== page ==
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EMM Scrutinizes Fracking Regulations

Engage Mountain Maryland (EMM) has teamed up with Earthjustice, a respected non-profit environmental law firm, to examine and raise questions about the proposed regulations for fracking released by the Maryland Department of the Environment (MDE).

EMM’s work with Earthjustice will build on its prior work to educate and engage citizens on the issue of fracking. EMM raised questions about the legitimacy of MDE's first round of proposals or “Issue Papers" that relaxed the 2015 regulations developed by former Governor Martin O’Malley. In response, EMM drafted a letter, and gathered signatures to ask for MDE to withdraw their issue papers on the grounds that they did not live up to MDE's' own mission statement to protect Maryland resident's health and safety, the economy, and the environment. The letter explained that if MDE could not adequately regulate the industry, then MDE should consider making a recommendation to disallow fracking in Maryland.

“This is far from over,” says Mark Stutzman, EMM President. “The people of Maryland deserve an explanation of how a department responsible for protecting it’s citizens' health and safety, the economy, and the environment, could think the current regulations live up to the standard set by their own department. There is so much at stake in a part of the state that has built a reputation on outdoor recreation and tranquil lifestyles.”

EMM says that MDE was unresponsive while building the regulations, so it looked as if another route were needed. This prompted contacting Earthjustice to see whether they would consider working with EMM to evaluate the regulations, which are expected to be proposed in mid-November. Earthjustice representatives traveled to Garrett County to meet with EMM board members and took a brief tour to see what was at stake should fracking be allowed in Western Maryland. Following a subsequent meeting, the law firm agreed to represent EMM and to contribute its legal expertise to formal comments that EMM is planning to submit to MDE once the regulations are proposed.

“Not only will these regulations be weaker than those proposed previously under Governor O’Malley, but they fail to give Western Marylanders even the most basic assurances that their health and livelihoods will be protected,” says Gordon Sommers, an attorney with Earthjustice. Neil Gormley, another Earthjustice attorney, explains, “we are working with EMM because it’s important that the concerns of Western Marylanders are heard. They are the people on the front lines whose health, clean drinking water, clean air, and economic opportunities are threatened by inadequate regulations for fracking.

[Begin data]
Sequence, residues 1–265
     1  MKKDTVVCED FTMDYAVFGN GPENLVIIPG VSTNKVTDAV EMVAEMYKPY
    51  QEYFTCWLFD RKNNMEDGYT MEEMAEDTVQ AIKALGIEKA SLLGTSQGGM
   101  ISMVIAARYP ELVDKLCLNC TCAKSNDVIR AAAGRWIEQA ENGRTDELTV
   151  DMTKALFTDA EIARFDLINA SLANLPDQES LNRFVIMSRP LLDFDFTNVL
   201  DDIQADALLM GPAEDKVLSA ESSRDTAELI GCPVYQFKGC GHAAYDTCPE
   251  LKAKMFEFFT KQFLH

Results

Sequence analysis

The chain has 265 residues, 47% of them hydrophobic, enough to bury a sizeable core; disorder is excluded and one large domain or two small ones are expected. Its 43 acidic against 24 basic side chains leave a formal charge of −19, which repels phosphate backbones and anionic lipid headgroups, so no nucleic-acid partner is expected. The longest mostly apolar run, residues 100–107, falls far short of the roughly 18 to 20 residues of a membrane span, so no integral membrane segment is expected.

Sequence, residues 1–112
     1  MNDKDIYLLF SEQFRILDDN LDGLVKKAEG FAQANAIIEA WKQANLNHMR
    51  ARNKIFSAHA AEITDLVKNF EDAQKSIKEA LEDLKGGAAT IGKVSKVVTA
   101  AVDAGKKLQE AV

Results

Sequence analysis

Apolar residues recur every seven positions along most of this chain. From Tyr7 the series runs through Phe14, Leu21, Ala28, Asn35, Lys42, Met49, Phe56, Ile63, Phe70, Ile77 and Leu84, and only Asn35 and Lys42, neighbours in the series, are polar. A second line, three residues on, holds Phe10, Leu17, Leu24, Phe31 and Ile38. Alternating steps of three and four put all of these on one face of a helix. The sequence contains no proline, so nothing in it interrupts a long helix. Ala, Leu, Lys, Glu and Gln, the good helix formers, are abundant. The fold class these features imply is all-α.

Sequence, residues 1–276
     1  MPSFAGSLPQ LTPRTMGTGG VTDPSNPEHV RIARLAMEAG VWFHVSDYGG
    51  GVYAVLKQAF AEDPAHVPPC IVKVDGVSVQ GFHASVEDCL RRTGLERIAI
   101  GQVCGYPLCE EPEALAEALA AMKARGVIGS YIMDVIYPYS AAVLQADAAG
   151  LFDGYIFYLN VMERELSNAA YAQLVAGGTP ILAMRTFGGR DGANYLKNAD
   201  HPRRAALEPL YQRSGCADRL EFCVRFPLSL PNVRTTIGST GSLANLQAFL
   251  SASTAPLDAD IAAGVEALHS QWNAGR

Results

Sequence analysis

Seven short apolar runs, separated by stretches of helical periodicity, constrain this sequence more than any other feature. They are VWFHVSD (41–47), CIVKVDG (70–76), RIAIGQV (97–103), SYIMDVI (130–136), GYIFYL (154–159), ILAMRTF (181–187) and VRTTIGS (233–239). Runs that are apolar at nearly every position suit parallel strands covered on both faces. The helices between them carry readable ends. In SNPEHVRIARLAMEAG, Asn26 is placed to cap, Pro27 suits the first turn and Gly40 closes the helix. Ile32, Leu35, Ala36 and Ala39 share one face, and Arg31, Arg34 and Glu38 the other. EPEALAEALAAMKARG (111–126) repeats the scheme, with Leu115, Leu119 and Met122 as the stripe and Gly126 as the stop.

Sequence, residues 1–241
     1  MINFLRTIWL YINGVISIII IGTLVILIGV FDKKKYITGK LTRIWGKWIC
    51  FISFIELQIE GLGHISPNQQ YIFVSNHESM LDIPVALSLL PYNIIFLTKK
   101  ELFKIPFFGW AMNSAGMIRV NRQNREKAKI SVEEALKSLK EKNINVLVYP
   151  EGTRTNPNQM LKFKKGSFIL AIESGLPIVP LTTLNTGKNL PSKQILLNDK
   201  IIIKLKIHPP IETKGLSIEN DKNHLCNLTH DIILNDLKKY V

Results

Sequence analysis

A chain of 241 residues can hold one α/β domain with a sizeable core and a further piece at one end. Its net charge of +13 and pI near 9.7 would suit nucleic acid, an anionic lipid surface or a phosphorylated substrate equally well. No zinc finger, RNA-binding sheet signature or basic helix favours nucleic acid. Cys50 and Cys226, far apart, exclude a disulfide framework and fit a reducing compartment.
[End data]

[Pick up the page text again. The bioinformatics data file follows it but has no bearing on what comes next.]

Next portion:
Local business owners are joining with EMM to collaborate in protecting their businesses from the repercussions of fracking. “The hardest hit will likely be the tourism sector that relies on visitors to the area. Industrializing the landscape that is known for it’s clean air, vibrant ecology, and open roads will certainly see an economic impact once industry rolls in,” shared Eric Robison, EMM Legislative Chair. Business owners from the tourism, hospitality, and sustainable agriculture sectors have already joined the effort.

"Business owner's in the region have spent years investing around a tourist-based economy within a unique second home market, and many have expressed concerns about how this type of development would affect their investments."

Other concerns with fracking include public health impacts, air pollution, water consumption, drinking water contamination, and damage to the Maryland’s flora and fauna. Earthjustice has a long history of taking on these sorts of challenges. The firm recently succeeded in overturning federal plans to open one million acres of California public land to fracking. They also represent the Standing Rock Sioux Tribe in a dispute against the U.S. Army Corps of Engineers after the agency granted permits for the Dakota Access oil pipeline that threaten drinking water sources and sacred burial grounds.

Individuals and businesses who want to get involved with this effort are encouraged to do so by writing, or by visiting to learn more about this initiative.

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